James Carvel famously summarized the communications strategy of Bill Clinton's 1992 presidential campaign with the phrase: "it's the economy, stupid!" This pithy aperçu could be modified to sum up the key lesson from the Greek debt negotiations.
Surveying the wreckage of the past several weeks, can there be any doubt that the problems of the Eurozone are, fundamentally, attributable to the governance — or, rather, lack of governance — on which the monetary union was built? The "negotiations" of the past few weeks underscore the extent to which the architects of the euro pushed ahead with their project without the necessary banking and fiscal arrangements.
And is there any doubt that the malaise of the euro will continue so long as governance is not addressed? A cloud of uncertainty hangs over the euro; the IMF has already made the case for greater debt reduction, albeit through NPV reduction achieved through very long-term rescheduling with an extended grace period at a favorable interest rate rather than a 'haircut' on the face value of the debt.
The Greek parliament has passed the reforms, but the government is divided. Here's the problem: passing reforms is one thing; effective implementation of them is an entirely different matter. And, while opposition parties joined to pass legislation in order to avoid the leap into the unknown of Grexit, it is not unreasonable for opposition parties to disassociate themselves from the measure when the inevitable social backlash comes. The temptation to let Syriza bear the political costs will be too great.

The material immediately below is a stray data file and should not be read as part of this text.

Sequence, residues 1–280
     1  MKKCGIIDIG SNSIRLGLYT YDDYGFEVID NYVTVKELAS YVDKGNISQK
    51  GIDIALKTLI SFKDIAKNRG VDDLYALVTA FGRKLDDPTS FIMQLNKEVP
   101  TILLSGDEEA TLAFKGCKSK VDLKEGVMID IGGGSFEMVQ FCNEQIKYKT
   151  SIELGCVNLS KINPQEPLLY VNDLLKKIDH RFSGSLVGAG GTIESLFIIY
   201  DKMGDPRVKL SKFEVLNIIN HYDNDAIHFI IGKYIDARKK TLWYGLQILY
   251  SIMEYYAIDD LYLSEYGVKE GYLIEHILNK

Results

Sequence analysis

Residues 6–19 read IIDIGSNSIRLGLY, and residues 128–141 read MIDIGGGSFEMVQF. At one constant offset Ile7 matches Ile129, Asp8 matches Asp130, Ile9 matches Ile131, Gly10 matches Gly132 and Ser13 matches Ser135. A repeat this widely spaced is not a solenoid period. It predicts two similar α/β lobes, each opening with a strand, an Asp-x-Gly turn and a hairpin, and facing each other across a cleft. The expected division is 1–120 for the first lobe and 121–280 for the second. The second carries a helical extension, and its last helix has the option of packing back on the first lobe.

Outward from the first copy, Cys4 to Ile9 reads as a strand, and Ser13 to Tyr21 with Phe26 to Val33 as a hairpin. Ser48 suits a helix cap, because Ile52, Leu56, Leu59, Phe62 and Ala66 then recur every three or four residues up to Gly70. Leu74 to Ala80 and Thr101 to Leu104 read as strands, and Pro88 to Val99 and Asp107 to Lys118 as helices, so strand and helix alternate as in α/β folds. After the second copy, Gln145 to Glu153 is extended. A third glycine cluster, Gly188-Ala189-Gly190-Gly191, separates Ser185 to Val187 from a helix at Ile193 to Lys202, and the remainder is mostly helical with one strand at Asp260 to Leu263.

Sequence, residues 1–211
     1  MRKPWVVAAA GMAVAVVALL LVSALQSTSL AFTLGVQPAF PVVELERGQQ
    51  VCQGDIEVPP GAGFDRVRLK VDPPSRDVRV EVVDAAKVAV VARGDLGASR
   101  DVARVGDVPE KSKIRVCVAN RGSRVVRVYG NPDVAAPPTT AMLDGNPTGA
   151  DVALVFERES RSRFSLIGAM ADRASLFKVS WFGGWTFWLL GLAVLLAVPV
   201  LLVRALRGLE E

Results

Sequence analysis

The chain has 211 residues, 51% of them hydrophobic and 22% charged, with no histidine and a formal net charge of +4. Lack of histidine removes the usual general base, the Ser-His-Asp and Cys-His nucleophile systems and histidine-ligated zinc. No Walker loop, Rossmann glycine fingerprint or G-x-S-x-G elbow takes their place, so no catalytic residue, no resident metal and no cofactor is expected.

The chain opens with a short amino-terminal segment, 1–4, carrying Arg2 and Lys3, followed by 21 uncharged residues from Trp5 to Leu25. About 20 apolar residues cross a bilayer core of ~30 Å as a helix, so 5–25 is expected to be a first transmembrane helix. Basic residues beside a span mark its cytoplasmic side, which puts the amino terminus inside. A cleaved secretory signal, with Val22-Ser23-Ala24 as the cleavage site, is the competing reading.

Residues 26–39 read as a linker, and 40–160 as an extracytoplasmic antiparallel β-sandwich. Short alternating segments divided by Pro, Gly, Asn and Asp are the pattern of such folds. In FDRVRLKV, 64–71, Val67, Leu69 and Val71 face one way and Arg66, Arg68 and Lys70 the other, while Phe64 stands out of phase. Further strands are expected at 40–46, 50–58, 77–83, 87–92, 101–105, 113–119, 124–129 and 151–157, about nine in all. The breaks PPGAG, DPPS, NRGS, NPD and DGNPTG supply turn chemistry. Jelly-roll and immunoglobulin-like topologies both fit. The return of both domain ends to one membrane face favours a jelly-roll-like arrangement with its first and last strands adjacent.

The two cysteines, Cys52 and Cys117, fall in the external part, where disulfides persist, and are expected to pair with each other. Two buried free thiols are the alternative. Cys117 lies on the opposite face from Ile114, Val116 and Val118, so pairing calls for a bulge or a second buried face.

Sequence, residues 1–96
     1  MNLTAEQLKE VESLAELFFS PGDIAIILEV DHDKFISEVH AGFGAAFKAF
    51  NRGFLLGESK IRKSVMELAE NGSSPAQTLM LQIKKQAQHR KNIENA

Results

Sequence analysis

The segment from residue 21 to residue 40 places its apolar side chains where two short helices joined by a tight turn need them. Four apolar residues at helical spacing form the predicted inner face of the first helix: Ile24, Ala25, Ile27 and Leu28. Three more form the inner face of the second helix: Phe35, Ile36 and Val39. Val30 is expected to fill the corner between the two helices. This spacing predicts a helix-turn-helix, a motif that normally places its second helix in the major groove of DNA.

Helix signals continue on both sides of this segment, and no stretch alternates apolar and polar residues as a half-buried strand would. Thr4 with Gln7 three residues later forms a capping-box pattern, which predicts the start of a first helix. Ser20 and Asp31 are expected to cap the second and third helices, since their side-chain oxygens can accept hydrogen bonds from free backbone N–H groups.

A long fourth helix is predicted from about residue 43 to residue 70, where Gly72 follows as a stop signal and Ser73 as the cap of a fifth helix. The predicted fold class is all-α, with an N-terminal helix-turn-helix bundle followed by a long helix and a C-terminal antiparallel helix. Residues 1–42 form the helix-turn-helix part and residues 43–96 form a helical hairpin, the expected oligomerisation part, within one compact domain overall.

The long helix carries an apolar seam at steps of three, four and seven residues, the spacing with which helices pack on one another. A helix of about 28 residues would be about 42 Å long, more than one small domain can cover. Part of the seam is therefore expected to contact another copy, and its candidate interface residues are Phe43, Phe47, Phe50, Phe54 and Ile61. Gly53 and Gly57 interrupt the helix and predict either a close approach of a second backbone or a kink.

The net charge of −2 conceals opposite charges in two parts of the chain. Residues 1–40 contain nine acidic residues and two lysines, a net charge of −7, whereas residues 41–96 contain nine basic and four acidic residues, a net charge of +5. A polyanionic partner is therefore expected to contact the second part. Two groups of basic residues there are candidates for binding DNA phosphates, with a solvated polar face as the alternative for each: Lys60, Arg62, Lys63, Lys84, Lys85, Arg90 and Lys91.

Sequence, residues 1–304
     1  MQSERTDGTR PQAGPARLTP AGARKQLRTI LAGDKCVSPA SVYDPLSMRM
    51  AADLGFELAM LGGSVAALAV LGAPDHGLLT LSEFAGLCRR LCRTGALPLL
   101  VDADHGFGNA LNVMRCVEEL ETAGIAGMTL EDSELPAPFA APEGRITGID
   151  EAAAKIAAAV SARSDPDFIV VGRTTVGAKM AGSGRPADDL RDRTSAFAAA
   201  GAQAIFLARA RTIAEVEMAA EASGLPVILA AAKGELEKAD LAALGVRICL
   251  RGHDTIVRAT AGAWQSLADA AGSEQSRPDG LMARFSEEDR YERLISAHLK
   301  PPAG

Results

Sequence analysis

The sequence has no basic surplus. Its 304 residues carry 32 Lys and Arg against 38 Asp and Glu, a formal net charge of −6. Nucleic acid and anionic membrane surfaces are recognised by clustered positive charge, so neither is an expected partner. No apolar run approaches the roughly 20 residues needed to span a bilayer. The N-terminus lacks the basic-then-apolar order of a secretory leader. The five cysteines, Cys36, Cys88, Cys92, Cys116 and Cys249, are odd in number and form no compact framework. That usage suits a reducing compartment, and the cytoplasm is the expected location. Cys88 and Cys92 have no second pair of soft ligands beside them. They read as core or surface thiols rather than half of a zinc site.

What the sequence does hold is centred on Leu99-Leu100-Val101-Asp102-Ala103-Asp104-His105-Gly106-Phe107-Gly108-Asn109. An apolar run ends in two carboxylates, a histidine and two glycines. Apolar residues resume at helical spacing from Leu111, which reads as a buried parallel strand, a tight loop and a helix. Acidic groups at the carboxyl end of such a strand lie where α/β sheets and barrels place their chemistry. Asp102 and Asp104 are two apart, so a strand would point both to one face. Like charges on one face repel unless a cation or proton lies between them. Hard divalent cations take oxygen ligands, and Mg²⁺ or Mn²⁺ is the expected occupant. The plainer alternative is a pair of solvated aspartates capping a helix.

So, the Greek drama is likely not over. The question is how long the intermission will last; the final curtain will only come down when governance is addressed or the Greeks cut the Gordian knot and reintroduce the Drachma.